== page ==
It took them over two years, a truck load of paperwork and legalities and last minute date and venue changes to finally bring back Fashion Pakistan Week at full throttle.
From April 7 to 10, the council that prides itself for initiating the fashion week culture — popularly referred to as the Karachi Council — hopes to differentiate itself from other fashion events via “content”. The council has certainly managed a coup by getting Bunto Kazmi to open the week alongside other bigwigs like Sana Safinaz and Umar Sayeed plus an assortment of promising young designers like Sanam Chaudhri and Sanam Agha. But while one must wait for the week to unfold to see whether or not FP manages to match the expectations, here’s a sneak peek into what’s in store.
“Will people stop asking me about my collection,” requests a flustered Bunto Kazmi. “I’m a revivalist not a designer. I make couture, that is made-to-order. How can I design a collection?,” says Kazmi rhetorically. She’s done only four shows in her 30 years of work and despite the fashion explosion in recent times, there is a strong probability that you won’t see her grace the ramp again. “I have had to borrow pieces from my clients to do this show,” asserts Bunto. While she is renowned for her bridals, it is her romance with shawls, tapestries and wall panels that drives her these days. And to prove that she is more than a mere bridal and trousseau designer, she’s showing her interpretation of the Nauroze shawl that captures a Mughal coronation in its regal pomp and glory.
Till she had showcased at Fashion Pakistan Week two years ago, Shehla Chatoor was a name that fell into the pool of aunties churning beautiful bridals from their home. An array of sexy draped dresses and a showcase later, Chatoor catapulted into fashion fame as a designer with immense dexterity to straddle both the East and the West with equal panache. “I wanted to show both the eastern and the western sensibilities and demonstrate the balance that I have managed to achieve as a designer to do both,” spoke Chatoor of her collection which is aptly titled the ‘Spring Equinox’. While previously Chatoor had steered clear of prints and had opted for solids for her western, luxury pret lines, at FP3 she’s attempting to bring in elements of traditional prints with detailing such as fringes, chains, mukesh, sequins and exotic leather.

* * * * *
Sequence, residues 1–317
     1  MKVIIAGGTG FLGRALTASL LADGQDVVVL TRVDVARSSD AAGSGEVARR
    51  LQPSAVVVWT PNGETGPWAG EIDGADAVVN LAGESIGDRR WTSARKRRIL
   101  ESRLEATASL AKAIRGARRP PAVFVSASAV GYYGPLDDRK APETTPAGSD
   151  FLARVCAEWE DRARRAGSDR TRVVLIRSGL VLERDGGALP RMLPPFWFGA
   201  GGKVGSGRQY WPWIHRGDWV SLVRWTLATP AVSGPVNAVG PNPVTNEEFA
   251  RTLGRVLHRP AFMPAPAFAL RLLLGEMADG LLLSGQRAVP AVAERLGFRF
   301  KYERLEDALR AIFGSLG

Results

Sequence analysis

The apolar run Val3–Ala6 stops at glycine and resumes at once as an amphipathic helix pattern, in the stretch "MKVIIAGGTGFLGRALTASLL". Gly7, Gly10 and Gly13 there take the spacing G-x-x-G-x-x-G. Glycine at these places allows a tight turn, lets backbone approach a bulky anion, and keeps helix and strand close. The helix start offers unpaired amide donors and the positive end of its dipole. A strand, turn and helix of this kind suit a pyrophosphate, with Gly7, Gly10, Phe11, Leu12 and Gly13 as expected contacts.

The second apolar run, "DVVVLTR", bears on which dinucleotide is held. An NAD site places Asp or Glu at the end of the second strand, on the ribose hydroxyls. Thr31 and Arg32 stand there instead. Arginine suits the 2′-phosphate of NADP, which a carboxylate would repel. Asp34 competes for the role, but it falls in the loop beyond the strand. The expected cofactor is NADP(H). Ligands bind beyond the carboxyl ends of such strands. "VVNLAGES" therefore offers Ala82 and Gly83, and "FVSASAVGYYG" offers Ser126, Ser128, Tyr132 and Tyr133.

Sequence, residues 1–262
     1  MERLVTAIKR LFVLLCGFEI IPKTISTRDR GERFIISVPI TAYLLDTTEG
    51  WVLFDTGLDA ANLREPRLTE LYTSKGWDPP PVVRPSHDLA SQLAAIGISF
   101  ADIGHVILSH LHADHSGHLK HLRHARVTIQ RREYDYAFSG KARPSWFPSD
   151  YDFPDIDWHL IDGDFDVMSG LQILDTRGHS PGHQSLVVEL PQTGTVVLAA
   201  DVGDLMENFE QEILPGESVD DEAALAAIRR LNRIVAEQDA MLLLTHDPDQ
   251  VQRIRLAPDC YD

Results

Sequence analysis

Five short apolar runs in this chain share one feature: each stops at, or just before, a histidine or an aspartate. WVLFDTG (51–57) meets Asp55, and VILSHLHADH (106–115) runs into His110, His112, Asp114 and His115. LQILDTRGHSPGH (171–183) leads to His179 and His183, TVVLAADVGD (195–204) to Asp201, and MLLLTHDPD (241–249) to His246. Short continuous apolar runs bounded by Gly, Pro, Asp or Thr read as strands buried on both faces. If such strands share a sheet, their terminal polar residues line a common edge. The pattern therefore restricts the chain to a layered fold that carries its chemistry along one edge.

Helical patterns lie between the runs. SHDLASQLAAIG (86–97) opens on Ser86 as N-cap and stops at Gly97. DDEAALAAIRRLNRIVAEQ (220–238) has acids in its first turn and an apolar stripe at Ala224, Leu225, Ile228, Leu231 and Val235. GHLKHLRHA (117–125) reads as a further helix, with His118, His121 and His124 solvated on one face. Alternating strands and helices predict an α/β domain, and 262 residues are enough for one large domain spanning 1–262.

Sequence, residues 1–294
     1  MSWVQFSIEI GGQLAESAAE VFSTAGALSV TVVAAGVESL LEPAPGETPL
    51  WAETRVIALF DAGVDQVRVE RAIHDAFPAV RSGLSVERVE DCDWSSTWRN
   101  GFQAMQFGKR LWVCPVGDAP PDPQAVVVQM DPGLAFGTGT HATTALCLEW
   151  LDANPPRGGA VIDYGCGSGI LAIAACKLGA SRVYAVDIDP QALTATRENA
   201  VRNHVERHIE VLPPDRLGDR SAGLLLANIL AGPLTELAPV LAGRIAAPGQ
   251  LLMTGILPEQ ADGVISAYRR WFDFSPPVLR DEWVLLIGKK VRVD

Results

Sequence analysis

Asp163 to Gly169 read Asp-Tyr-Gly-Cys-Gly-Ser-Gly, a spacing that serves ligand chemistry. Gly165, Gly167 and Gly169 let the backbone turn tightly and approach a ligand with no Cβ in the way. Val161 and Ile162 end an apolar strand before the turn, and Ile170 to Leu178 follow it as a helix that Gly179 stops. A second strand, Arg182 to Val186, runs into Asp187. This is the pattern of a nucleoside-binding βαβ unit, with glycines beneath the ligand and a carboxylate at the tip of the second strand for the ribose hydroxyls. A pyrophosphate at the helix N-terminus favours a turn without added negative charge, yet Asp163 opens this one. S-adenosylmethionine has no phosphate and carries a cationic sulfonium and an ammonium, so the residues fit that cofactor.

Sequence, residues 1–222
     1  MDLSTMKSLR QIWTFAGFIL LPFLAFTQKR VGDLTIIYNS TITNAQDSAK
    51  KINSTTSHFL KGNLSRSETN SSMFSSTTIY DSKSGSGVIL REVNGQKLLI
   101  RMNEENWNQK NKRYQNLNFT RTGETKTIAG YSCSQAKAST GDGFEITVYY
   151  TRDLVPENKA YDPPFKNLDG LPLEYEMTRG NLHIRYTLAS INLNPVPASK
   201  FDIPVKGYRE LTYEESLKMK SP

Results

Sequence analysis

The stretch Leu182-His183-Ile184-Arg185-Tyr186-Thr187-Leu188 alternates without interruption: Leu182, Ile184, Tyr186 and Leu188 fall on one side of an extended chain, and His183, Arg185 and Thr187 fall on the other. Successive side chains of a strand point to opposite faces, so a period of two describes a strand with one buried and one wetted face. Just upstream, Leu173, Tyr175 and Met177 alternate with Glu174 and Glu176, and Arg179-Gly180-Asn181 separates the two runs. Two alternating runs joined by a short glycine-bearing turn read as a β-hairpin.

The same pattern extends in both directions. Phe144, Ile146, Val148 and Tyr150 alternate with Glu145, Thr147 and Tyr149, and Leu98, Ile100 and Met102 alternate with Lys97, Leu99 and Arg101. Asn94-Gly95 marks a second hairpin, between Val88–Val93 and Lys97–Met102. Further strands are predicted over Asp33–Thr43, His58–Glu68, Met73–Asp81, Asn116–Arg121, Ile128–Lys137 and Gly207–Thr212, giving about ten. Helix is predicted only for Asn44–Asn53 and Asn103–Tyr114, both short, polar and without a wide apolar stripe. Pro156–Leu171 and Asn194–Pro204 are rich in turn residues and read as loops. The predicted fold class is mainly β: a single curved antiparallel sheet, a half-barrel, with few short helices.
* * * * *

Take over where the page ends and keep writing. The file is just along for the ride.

There was hardly a collection as ubiquitous as Shamaeel’s miniature Mughal prints from FP2, which dominated the fashion scene two years ago. From weddings, soirees to even fashion events, there was no escaping that classic-jewelled neckline and Mughal prints that became Ansari’s hallmark. “The Mughal art is so over now,” dismisses Ansari herself. “I felt that I needed a departure from what I do without losing my hallmark as a designer. Hence, this time we are taking our signature theme of heritage and mixing it with edgy-cool to showcase a radical collection.” Ansari’s latest collection titled ‘Bouquet’ focuses on spring and is rather fresh in its colour palette and overall look.
On the ramp, he’s known for his flamboyance and theatrics, but off the ramp, you can trust him with a vibrant bridal. But at FP3, Nomi Ansari intends to make a departure from both. “I’m not doing anything avant-garde. All the costumes from previous shows are just hanging in my office,” he says. “This time around, I’m making a very pret-savvy and economical line that can be dressed up or down,” reveals Ansari. The colour palette, however, is very Nomi: a bit of neons and super bright hues for spring.
While the sister duo Aneeqa Cheema and Salma Lehsaan have been making funky fusion desi wear for a foreign market for a few years now, FP3 will be their debut show in Pakistan. Their brand, Baani D, focuses on moulding traditional prints such as ajrak according to the demands of a foreign clientele. For their first ramp collection, the duo is taking Fashion Pakistan’s concept of high street to heart and creating lots of separates that retain heritage cuts but are modern enough to be worn on the ramp as well as on the streets. “We’ve got all the provincial signatures together and mixed them for a world fusion,” says Cheema about their collection.
Other designers participating in Pakistan Fashion Week 3
Zaid Bashir (Kuki)
Published in The Express Tribune, April 7th, 2012.